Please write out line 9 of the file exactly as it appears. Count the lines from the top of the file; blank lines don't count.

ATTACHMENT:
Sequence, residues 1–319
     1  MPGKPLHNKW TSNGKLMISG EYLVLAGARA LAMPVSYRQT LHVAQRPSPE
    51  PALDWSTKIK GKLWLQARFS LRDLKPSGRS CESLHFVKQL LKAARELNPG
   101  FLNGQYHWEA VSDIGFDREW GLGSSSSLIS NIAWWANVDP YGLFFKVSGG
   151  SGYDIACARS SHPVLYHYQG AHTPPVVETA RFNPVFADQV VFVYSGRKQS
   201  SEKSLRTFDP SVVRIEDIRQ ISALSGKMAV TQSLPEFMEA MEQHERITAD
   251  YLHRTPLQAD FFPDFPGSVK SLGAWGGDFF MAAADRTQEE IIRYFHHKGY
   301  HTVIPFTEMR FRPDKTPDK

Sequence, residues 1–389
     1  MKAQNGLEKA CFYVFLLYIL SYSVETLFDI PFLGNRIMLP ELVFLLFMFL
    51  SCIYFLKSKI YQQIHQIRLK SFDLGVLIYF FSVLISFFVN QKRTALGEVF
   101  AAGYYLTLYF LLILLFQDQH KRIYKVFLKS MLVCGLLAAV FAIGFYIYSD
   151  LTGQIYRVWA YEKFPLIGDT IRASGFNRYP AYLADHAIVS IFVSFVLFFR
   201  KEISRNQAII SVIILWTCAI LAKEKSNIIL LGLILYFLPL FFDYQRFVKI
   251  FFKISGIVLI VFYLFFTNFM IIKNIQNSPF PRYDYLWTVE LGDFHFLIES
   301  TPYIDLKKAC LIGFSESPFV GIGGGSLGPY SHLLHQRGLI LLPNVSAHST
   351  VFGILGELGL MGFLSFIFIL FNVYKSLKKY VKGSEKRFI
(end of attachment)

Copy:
Sequence, residues 1–389